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Protect Your Garden from Cutworms

When I planted my first garden I was so proud and excited to see all the little plants in a row, well watered.

The next day I went out to check on my new garden only to find stalks where my beautiful little plants had stood the day before! I replanted my garden three times that years. I only wish I had known a little more about the dreaded garden pest called cutworms.

There are several ways to prevent cutworms from cutting your plants off at the base, and even some ways to prevent cutworms from infesting your garden.

Coffee Cans: Put a coffee can around the base of your new plants. If the worms can't get to the stems, they can't cut them off. Coffee cans also allow you to water in a directed manner, filling the can sends water straight to the roots.

Aluminum Foil: Wrap the stems of your new plants with aluminum foil. This is another barrier method. The cutworms can not eat through aluminum, so even if they are in the garden they will not be able to eat through your plants.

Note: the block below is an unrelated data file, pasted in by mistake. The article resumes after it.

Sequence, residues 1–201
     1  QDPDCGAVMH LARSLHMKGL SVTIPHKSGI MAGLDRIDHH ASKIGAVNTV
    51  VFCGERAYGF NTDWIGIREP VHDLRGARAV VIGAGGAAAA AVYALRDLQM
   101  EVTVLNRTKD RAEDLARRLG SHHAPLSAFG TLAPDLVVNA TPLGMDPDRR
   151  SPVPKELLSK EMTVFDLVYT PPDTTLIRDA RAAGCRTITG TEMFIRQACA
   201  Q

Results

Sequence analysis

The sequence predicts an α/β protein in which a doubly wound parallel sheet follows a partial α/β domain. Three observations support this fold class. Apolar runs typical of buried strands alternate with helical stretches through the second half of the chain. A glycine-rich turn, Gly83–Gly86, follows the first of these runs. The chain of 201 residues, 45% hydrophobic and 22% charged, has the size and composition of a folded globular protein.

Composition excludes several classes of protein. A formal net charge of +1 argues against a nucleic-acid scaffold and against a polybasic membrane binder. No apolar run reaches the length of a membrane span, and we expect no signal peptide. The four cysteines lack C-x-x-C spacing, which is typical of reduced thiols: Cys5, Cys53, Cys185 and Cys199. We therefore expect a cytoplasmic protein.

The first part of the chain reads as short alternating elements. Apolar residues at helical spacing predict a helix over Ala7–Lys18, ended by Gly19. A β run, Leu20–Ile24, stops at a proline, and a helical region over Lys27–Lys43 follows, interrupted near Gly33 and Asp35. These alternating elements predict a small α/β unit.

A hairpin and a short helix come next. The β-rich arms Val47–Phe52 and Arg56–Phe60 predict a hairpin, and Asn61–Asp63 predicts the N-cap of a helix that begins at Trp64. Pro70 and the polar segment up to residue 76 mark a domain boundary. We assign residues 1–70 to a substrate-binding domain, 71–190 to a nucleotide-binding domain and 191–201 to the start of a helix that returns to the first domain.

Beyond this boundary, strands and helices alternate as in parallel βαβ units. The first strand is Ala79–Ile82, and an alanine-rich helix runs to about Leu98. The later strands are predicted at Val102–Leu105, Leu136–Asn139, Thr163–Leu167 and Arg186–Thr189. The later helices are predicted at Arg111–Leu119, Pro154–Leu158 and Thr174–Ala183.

Those are two easy and cheap ways to protect your plants. Here's a way to keep these particularly ravenous pests out of your garden.

Nematodes: These are a naturally occurring microorganism. They are less than 1/2 millimeter in size. These little critters feed on cutworms but also on grubs which eventually become Japanese beetles, Colorado potato beetle grubs, root weevils and even flea larvae. Nematodes are naturally occurring and unlike chemicals will not hurt your plants, yard, animals or children. Nematodes invade the worm and then multiply devouring the grub or other pest.

You can purchase nematodes to use in your garden or lawn. They generally come in a sponge. You moisten the sponge and then put it in a watering device you attach to the hose. Then all you have to do is water the area you wish to apply the nematodes. It's that easy. The nematodes generally begin attacking pests within 48 hours and they keep working all summer, as long as the soil stays moist.

These tips should keep your plants safe and your garden free of cutworms.

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Content copyright © 2013 by Jackie Lee. All rights reserved.
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